Just Because It Takes Time to Respond to an EEOC Subpoena Doesn’t Make It an Undue Burden


The U.S. Court of Appeals for the Sixth Circuit gave short shrift to an employer’s argument that it should not have to respond to a subpoena from the Equal Employment Opportunity Commission because the time that it would take employees to find responsive documents was an undue burden.

In EEOC v. Ferrellgas, L.P. , an employee filed an EEOC charge of discrimination against her employer. As part of its investigation into the charge, the EEOC served several requests for information (RFI), followed by several subpoenas (although not clear from the opinion, the EEOC typically only serves subpoenas when the employer has not provided the requested documents in response to an RFI). The employer objected to the subpoena as unduly burdensome, among other things. Specifically, the employer asserted that it would take 700-1500 employee hours to review and identify responsive documents, and it refused to provide the documents. At the EEOC’s request, a federal district court ordered the subpoena to be enforced. The employer then appealed the order.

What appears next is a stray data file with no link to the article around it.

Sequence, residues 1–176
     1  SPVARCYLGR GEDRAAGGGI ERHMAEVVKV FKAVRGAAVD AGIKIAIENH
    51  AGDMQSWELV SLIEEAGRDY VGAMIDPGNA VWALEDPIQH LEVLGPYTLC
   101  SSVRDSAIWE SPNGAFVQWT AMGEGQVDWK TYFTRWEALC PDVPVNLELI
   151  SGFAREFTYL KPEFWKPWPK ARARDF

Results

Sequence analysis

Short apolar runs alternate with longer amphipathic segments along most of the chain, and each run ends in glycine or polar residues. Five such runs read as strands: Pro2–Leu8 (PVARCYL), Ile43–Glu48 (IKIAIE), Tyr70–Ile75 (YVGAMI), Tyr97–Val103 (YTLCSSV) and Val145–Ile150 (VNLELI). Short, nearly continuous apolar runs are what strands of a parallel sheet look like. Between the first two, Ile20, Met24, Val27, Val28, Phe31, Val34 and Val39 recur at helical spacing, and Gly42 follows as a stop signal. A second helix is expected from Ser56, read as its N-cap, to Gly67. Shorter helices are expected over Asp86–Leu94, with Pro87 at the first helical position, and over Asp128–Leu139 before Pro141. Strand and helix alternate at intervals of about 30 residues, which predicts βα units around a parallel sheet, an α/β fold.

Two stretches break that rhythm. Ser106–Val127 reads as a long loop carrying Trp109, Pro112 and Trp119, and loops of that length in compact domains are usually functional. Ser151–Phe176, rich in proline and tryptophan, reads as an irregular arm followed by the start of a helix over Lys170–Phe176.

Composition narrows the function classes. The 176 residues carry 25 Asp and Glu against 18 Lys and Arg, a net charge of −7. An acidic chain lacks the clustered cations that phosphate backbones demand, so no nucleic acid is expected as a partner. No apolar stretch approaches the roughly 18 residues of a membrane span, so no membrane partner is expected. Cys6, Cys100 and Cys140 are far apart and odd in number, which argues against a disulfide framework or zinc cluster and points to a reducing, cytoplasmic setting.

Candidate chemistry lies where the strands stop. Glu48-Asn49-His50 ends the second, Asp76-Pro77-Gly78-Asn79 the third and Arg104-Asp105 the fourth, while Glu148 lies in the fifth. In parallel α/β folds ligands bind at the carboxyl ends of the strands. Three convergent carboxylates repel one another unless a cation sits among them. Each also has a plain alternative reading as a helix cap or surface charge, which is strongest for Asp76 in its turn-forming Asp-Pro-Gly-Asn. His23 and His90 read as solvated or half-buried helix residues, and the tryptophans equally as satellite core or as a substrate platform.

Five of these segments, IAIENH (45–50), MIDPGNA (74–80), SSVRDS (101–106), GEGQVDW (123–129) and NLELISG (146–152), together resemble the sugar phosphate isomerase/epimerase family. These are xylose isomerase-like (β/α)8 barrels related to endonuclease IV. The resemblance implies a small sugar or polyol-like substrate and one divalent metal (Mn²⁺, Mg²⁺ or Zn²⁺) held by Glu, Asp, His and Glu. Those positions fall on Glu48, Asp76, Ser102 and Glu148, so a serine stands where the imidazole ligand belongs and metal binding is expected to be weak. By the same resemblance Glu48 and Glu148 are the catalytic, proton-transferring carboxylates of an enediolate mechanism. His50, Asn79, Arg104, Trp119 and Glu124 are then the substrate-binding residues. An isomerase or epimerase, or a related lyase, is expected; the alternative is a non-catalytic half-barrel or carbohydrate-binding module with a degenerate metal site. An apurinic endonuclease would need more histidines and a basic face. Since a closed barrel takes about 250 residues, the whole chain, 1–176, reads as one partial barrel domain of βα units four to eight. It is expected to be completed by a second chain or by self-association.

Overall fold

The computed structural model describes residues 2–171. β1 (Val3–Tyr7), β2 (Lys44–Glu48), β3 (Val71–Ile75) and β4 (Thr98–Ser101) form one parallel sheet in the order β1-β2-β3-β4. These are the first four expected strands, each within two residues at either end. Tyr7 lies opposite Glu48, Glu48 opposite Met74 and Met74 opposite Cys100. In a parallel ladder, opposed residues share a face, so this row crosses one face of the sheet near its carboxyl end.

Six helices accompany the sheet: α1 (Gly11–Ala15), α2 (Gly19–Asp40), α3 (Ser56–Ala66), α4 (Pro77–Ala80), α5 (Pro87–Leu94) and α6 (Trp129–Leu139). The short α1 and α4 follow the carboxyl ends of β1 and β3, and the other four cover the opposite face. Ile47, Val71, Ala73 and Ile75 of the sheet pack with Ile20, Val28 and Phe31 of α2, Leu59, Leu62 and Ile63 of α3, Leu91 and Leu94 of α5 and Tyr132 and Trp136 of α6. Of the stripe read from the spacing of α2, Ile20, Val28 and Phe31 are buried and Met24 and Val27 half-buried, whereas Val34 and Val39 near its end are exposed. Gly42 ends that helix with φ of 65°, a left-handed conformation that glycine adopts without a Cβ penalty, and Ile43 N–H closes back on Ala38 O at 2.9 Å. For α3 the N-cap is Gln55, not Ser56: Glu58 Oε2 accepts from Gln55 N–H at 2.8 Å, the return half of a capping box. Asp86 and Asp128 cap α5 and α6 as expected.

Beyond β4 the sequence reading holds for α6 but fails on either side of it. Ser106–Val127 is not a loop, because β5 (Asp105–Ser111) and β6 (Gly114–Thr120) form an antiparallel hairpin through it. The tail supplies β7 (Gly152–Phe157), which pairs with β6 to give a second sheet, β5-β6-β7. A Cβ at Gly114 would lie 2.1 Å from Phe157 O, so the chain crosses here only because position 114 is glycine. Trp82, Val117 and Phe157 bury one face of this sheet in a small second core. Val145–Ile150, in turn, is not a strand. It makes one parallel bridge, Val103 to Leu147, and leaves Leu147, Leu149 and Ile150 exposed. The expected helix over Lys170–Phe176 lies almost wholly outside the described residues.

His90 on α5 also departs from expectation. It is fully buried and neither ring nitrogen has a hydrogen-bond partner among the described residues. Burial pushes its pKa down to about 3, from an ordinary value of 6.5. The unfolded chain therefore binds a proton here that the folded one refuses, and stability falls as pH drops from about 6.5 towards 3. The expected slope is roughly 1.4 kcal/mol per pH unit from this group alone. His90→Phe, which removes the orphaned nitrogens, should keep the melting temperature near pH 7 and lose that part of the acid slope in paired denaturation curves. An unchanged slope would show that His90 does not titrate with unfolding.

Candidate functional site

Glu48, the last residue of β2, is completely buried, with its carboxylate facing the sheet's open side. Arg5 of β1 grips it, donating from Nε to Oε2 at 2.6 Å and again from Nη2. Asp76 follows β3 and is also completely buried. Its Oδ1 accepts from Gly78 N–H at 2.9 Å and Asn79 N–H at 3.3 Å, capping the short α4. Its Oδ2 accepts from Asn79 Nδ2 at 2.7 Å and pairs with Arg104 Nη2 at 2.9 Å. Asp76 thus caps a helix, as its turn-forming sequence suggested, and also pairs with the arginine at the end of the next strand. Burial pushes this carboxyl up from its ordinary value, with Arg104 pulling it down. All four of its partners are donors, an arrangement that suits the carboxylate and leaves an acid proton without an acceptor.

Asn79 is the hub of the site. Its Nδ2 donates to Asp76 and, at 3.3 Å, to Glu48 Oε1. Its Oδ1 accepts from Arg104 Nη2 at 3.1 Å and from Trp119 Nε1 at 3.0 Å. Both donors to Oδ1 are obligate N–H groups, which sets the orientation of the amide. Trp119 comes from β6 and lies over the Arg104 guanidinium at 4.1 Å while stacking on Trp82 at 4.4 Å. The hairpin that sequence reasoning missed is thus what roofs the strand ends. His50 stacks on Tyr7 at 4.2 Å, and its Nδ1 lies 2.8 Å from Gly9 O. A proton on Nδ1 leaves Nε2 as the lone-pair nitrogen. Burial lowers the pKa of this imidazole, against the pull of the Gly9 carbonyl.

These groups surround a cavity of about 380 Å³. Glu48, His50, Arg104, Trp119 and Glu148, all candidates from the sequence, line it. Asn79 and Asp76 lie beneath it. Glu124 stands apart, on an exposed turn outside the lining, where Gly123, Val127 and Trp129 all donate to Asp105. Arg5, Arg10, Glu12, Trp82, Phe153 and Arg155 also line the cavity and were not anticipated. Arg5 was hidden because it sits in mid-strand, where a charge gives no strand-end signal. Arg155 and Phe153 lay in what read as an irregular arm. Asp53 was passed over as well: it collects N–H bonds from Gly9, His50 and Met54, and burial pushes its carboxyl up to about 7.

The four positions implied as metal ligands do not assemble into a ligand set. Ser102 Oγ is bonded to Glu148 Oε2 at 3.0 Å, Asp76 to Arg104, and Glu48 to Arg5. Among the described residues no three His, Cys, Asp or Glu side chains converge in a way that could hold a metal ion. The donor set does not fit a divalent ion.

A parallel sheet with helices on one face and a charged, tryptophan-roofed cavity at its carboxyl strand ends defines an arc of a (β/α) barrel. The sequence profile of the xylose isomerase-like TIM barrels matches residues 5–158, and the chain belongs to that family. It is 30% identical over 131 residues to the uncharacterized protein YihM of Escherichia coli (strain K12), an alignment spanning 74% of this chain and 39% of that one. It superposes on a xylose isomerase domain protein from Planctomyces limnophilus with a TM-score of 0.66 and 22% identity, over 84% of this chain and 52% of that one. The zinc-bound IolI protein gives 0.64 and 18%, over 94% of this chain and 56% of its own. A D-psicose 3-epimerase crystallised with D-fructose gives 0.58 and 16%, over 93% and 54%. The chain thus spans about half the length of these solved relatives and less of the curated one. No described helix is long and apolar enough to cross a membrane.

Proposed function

The Sixth Circuit affirmed the order of enforcement. It reiterated that whether a subpoena is overly burdensome is a fact-intensive inquiry depending on what is sought and the difficulty faced by the employer, with the employer bearing the obligation of establishing the undue burden. The Sixth Circuit observed that, “Assessing whether the burden of compliance is undue is a comparative exercise; what is unduly burdensome to a small business with a handful of employees may not be unduly burdensome to a Fortune 500 company.” The Sixth Circuit noted that the employer here offered no baseline against which it could compare the estimated response time to determine whether the burden was undue. It also stated, “Merely pointing out that compliance with the subpoena will divert employee attention from ordinary tasks is insufficient – if that were enough, then nearly every EEOC subpoena would fail.” The Sixth Circuit acknowledged that compliance would require significant time and effort, but the employer was required to provide “some metric of how significant that time and effort is.”

What this means for employers (and their attorneys) facing an EEOC investigation is to be thoughtful about responding to RFIs in the first instance. And if the EEOC serves a subpoena, be prepared to spend significant time and effort in responding to it – a court will likely not find the subpoena to be unduly burdensome unless the employer can demonstrate, relative to its size and resources, that the compliance cost and effort seriously disrupts normal operations.